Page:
Mark Shirey, 51, robbed an Idaho pharmacy of their Oxycontin inventory after telling a clerk he had something in his briefcase that “could light the place up.” Ten hours later a SWAT team busted into his house to take him into custody and recover the drugs. There, he resisted arrested.

In Virginia, a 27-year-old white male tried robbing a Lynchburg drug store twice in one day. The second time, Michael Edward Towle entered the pharmacy with a three-foot-long samurai sword.

Across the state in McLean, VA, Jonathan Ross Carlton, 23, was recently sentenced to 60 months in prison after robbing a string of pharmacies. He traveled throughout the Washington DC area taking 80 milligram pills of Oxycontin from drug stores. He used a gun to hold up several pharmacies, and managed to accumulate over 2,000 pills during his spree.

In Camden, four years ago a Philly man pleaded guilty to robbing 13 pharmacies of Oxycontin, Oxycodone, Endocet and Xanax. He packed a semiautomatic handgun as he robbed drug stores throughout Philadelphia and New Jersey.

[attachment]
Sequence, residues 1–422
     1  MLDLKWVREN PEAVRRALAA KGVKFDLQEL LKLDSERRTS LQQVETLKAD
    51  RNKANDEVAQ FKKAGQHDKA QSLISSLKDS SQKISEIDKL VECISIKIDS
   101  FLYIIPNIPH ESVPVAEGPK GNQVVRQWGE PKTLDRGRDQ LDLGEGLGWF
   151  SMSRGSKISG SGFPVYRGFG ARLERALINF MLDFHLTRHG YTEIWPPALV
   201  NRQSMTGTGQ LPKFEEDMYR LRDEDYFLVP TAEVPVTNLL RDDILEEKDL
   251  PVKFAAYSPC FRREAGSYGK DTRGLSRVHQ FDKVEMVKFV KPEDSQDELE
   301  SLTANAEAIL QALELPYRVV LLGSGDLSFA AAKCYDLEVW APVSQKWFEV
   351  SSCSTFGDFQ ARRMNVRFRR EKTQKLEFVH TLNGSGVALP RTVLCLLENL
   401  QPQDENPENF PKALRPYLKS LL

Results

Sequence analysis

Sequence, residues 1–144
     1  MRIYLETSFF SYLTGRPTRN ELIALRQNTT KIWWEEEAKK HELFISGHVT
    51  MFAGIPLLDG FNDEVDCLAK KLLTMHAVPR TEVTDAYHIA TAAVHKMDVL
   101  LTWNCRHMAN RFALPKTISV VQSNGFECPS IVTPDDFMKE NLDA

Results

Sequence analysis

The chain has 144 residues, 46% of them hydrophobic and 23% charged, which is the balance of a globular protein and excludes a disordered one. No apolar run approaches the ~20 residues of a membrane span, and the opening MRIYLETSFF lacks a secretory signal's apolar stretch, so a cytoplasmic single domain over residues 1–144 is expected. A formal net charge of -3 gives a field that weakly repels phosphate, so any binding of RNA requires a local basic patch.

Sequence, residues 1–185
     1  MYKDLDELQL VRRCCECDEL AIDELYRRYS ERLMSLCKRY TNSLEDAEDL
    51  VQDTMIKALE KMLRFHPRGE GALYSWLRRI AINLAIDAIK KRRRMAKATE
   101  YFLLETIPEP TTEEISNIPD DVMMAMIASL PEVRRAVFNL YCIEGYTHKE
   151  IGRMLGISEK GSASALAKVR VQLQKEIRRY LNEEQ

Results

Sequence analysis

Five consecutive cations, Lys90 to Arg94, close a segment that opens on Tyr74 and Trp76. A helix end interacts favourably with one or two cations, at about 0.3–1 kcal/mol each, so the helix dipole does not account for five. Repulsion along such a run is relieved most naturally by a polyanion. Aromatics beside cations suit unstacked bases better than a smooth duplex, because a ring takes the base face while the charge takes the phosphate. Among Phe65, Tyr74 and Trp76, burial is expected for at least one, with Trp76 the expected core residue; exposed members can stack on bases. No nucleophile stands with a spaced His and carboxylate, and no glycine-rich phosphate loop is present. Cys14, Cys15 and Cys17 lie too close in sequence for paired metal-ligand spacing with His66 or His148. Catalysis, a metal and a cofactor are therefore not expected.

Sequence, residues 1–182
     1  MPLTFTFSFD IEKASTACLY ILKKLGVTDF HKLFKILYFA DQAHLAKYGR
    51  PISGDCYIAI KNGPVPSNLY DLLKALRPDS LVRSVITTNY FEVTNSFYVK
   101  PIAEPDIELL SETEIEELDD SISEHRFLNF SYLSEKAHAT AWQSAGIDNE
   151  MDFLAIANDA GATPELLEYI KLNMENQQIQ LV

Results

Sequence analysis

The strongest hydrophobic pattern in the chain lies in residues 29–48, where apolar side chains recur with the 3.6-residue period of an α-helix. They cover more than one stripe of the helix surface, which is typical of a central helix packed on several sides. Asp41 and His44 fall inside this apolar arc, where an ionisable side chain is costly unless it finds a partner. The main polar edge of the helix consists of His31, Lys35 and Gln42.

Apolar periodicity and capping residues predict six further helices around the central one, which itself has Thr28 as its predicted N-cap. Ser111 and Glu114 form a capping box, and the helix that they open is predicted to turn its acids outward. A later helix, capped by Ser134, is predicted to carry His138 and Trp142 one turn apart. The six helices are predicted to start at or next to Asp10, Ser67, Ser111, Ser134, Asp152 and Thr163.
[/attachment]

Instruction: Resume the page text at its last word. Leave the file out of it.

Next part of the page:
After an incident in a middle-class Staten Island town, the employees there went with what they figures was the best solution to the spree — they made a sign for the front window: “We do not stock oxycodone or Roxicodone.”

As addicts try to snuff their itch and pack their wallets, this trend doesn’t seem to be disappearing. In a Seattle courtroom last year, a 14-time felon talked about how he transitioned from vehicle prowling and a string of misdemeanors into drug store hold-ups:

“Robbing pharmacies for OxyContin is the only way to go,” said Jacob Harley Shook in court documents. He held-up a handful of Washington state drug stores with an array of guns.